However, your comments last week about the Indiana Court of Appeals' rejection of the voter I.D. law crossed the line. Disagreeing with the decision is one thing, but the state's highest public official referring to a decision by our second highest court as "preposterous" is the most irresponsible statement I've ever heard from the Indiana Governor's office. Undermining our state's judicial system is at the very least unbecoming of the office you hold, and at worst a violation of our constitution. You have lost the respect and trust of many Hoosiers with this irresponsible remark, and I only hope that you have not done permanent damage to the image of our judicial system.
I hope in the future you will be more reasonable with your comments and remember the weight your words hold thanks to the power of your office.
Tuesday, September 15, 2009
After enjoying coffee at our favorite goat-themed coffee shop, Crazy Mocha, we headed to the National Aviary, which is nestled in West Park on the north side. We visited with penguins and a variety of tropical birds and decided that Stellar's Sea Eagles are cooler than Bald Eagles. All in all, the National Aviary was a nice find and a recommended visitor spot. On Sunday, we headed a little over an hour southeast of Pittsburgh to see one of the most famous private house in America: Frank Lloyd Wright's Falling Water. It's pretty much badass. Check it out. We also stopped by Ohiopyle State Park, which was crowded and poorly marked but scenic and highly entertaining. We hiked a ways and then sat and watched rafters get stuck on the rocks. Last neither chronologically or in our hearts was a trip to Primanti's Brothers, where as food network viewers may know, all sandwiches include slaw and fries.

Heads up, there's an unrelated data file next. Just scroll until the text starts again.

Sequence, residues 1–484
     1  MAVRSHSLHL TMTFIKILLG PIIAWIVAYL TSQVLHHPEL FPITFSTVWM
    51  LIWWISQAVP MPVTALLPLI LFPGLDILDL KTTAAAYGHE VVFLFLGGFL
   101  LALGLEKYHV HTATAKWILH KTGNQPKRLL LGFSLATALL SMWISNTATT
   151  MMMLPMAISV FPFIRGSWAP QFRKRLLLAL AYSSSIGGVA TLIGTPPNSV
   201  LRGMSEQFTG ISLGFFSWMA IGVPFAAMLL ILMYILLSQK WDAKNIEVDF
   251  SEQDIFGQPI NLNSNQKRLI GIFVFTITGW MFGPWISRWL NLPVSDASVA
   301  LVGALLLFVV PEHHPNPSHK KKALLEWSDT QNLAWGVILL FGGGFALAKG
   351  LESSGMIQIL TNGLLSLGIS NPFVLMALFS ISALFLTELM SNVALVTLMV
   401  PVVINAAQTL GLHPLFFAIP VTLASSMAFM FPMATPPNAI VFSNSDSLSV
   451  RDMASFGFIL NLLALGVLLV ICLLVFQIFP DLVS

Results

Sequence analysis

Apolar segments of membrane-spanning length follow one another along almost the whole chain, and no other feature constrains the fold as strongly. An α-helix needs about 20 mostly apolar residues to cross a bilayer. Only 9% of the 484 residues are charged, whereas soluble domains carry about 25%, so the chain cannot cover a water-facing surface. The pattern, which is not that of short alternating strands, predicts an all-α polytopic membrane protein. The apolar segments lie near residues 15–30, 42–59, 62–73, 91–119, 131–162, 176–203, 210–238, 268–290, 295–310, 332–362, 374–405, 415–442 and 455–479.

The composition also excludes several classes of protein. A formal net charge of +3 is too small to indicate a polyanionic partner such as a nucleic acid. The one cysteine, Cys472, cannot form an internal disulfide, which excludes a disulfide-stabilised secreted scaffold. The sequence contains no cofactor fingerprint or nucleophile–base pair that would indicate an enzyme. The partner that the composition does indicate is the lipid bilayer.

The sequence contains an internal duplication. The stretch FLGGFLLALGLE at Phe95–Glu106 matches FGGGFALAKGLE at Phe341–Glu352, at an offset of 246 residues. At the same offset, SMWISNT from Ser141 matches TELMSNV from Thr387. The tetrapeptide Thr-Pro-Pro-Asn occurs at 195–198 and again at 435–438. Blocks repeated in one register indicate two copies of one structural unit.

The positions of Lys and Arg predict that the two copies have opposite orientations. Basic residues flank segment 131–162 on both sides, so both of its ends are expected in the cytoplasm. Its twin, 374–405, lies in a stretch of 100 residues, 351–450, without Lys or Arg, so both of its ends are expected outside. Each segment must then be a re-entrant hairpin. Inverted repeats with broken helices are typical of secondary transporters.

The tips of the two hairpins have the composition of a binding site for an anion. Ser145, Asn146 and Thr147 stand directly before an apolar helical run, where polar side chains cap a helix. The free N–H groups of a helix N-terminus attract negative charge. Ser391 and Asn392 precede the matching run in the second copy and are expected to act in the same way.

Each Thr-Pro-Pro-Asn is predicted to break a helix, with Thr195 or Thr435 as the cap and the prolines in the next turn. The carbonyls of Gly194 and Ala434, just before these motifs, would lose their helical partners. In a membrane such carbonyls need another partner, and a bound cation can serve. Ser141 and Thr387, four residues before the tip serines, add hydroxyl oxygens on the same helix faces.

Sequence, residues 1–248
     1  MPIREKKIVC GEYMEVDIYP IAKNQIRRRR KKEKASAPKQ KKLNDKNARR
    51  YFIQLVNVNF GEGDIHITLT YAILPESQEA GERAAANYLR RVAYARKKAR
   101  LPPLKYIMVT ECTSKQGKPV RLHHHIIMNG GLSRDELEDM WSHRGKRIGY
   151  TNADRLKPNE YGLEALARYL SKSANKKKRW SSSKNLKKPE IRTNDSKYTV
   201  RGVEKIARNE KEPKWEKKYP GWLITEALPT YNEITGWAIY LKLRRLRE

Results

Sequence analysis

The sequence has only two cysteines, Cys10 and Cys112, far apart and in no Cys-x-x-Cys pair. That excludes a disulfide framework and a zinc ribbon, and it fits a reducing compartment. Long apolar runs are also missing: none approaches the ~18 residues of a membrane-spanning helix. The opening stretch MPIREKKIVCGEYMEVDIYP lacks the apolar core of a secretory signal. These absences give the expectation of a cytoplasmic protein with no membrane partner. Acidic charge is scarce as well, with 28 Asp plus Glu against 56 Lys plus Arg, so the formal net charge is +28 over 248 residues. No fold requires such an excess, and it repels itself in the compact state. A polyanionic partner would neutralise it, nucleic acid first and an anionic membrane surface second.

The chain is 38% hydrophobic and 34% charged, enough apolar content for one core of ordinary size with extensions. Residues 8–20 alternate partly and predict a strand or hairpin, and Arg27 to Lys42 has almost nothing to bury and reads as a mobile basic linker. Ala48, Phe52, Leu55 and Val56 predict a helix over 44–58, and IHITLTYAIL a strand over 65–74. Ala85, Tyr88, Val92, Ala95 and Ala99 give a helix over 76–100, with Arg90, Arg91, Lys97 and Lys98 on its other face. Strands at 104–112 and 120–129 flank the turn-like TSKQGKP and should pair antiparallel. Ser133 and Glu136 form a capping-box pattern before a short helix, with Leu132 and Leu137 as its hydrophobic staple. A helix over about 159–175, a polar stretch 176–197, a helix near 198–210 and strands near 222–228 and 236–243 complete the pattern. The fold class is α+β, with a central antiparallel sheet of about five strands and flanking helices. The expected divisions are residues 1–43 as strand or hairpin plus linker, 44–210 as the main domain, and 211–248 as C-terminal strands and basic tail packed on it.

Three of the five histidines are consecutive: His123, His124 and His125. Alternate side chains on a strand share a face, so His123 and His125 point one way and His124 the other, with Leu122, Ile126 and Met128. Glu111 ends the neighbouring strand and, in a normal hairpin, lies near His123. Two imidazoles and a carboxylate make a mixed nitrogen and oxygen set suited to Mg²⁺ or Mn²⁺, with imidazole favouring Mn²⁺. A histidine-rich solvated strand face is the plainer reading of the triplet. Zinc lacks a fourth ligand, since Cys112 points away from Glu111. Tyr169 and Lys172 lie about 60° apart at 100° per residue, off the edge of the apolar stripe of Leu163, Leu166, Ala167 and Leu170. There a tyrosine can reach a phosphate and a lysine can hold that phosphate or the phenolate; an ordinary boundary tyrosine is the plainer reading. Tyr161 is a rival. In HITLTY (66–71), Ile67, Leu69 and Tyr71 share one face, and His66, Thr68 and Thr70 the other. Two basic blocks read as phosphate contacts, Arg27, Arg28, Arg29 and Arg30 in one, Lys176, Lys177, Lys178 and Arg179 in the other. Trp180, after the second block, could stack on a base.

Of note as well were the two conventions converging on the Pittsburgh Hilton during our stay: The North American Festival of Wales and the National Football Leage (for the kickoff celebration in Pittsburgh). We heard Welsh spoken on the elevator and watched the NFL folks set up a stage on the Point. Up next for Pittsburgh: the G20 Summit! Pittsburgh's got it all!
Thursday, August 20, 2009
It will be available in its entirety tomorrow on the Organizing for America website, but I did find this you tube clip. You can spot my dad at the 0:18 mark of this clip.
Monday, August 10, 2009
1) Legendary Indianapolis coffee shop The Abbey has closed. According to my Indy food email (The Dish, thanks Smith for cluing me into this), the owner has taken a personal chef job in Texas. It never was quite the same in the new location, and for some reason we didn't go there much after we moved, but it was a favorite spot on visits before we moved here. Abbey, you will be missed---sorry we didn't come as much as we should have.
2) My Tobey Maguire bashing must be put on hold! He has taken up a cause near and dear to my heart, petitioning Congress to improve school lunches! I'll shut my mouth for a while (now if he could only stop making Spiderman movies).